This is the tale of Billy O’Hill.
Who lived all his life in the town of Saville.
In a lil ‘ol cabin, he’d made his abode.
At the end of the dirtiest, dirty, dirt road.
Now Billy O’Hill had been married a time.
To a girl named Pearl, a lady sublime.
But Pearl’d got sick, dun gone up to heaven.
Ten long years ago, or maybe eleven.
So he kept to hisself, stayed mostly alone.
‘Cept for his pooch who he called Al Capone.
And a few of his friends that he’d see now’n then.
Down at the coffee shop now’n again.
The Hill Top Cafe is what it been named.
Cornbread and Johnny Cakes what they was famed.
They’d sit there fer hours not talkin’ ‘bout much.
‘Cept for some gossip and weather and such.
And on his way yonder he’d pass by the house.
Of the purtiest lady, as cute as a mouse.
She’d sit on her porch, a-sippin’ her tea.
In the shade of a giant magnolia tree.
See Billy O’Hill had a crush on this lady.
A purty ol’ girl named Myrtle O’Grady.
She lived in a house in the center of town.
Where them wealthy folks lived, the rich and renown.
But he never could git up the nerve to suggest,
“Wouldya meet me for coffee, I’d surely be blessed?”
‘Cuz what would a girl so swanky and chic,
See in a guy “from the hills”, so to speak?
So Billy would wave as he briskly walked by.
He wouldn’t say nuthin’, cuz he was right shy.
When Myrtle would smile her purtiest smile.
Billy’d be floatin’ on air for awhile.
Then one day he asked for some friendly advice.
From his closest of friends, named Earl Versluice.
‘Cuz everyone privy knew Earl could charm.
Like a rooster that woos all them hens on a farm.
Now Earl had fetchin’ advice to impart.
“The stomach’s the way to a good woman’s heart!”
“Let’s throw a party like we used to do.”
“Invite all our friends, we’ll serve roadkill stew.”
“Every-un brings somethin’ fresh that they’ve found.”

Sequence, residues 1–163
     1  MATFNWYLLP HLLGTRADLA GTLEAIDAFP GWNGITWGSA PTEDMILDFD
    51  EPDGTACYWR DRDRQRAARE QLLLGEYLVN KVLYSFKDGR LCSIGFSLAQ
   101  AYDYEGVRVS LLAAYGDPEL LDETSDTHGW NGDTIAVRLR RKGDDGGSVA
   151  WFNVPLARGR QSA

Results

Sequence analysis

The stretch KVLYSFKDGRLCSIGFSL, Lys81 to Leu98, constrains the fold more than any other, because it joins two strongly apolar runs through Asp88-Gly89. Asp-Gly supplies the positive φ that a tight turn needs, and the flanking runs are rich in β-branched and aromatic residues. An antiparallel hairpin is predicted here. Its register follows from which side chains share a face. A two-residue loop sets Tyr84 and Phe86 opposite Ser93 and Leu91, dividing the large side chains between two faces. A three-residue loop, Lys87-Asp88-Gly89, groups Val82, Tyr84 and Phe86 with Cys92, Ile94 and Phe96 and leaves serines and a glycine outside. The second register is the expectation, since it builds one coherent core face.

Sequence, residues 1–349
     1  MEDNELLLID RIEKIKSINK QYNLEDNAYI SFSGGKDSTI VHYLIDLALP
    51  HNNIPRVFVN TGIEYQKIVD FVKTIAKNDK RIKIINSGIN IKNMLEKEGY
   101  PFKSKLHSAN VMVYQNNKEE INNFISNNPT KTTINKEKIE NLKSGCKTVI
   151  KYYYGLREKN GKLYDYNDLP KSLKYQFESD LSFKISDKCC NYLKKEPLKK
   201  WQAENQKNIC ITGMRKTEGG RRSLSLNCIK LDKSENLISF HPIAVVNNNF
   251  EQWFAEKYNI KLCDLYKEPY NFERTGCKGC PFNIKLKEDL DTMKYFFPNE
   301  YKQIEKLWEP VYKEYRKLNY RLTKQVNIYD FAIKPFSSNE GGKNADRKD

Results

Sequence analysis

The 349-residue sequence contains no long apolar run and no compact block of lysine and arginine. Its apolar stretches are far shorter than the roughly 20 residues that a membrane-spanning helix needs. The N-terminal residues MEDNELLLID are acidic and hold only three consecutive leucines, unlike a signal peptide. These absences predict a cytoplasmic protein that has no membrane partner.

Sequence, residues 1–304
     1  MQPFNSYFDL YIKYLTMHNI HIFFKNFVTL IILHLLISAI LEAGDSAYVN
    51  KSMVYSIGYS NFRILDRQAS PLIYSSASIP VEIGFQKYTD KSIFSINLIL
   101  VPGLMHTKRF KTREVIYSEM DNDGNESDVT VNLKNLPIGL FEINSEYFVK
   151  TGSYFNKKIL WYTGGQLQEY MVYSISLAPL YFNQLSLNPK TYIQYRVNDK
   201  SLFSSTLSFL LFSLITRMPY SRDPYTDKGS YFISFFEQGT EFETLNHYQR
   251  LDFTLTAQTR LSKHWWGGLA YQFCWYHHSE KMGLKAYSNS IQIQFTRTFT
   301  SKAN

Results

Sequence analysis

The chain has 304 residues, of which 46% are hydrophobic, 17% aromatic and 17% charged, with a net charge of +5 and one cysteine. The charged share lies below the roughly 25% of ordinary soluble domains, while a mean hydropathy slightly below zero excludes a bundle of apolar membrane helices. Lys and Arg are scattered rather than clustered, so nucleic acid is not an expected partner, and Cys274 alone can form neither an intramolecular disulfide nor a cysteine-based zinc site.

“From the side of the road, just plain dead on the ground.”
“Squirrel or coon or rabbit or beaver.”
“We’ll slice ‘em all up with a very large cleaver!”
“We’ll mix in some collards and veggies and rice.”
“Add in some ‘shine to give it some spice.”
“We’ll invite Ms. O’Grady to join us that day.”
“Then you can dun meet her, whatdaya say?”
So Billy went home, started makin’ a list.
Of who’d be invited and who could be missed.
At the end of the list he penned really neat.
“Myrtle O’Grady”, the list was complete.
He wrote out the invites, said R.S.V.P.
We’re throwin’ a party on Sunday ‘bout three.
We’ll serve roadkill stew and plenty-a ‘shine.
I’ll break outta jug of my dandelion wine.
Then he mailed ‘em all out and dun prayed for the best.
Would Myrtle O’Grady show up for this fest?
When the day dun arrived, his friends all came through.
They’d all brung some roadkill to add to the stew.
Ms. Blossom brung possum…
June brung raccoon…
Mr. Monk brung a skunk…
Mr. Babbitt brung rabbit…
Jake brung some snake…
Mr. Weaver brung Beaver…
And his best friend Earl? Well, Earl, he dun brung lots of Squirrel…
Then Myrtle arrived and the place got real quiet.
What had she brung, would anyone try it?
Every’un watched as she walked through the door.
She carried a bag from a fancy clothes store!
She handed that bag to Billy O’Hill.
Who opened ‘er up with the most gracious skill.
And Billy looked in and dun said with a grin.
I reckon Ms. Myrtle O’Grady fits in!
Well… Myrtle… she brung Turtle.
In fact… she dun brung the freshest, most purtiest turtle, bigger’n any of ’em had ever seen!
So they cooked up the stew ‘n that party was grand!
And Billy’n Myrtle hit it off just as planned.
And the rest be dun history, them guests they all knew.
That Billy and Myrtle fell in love over stew!
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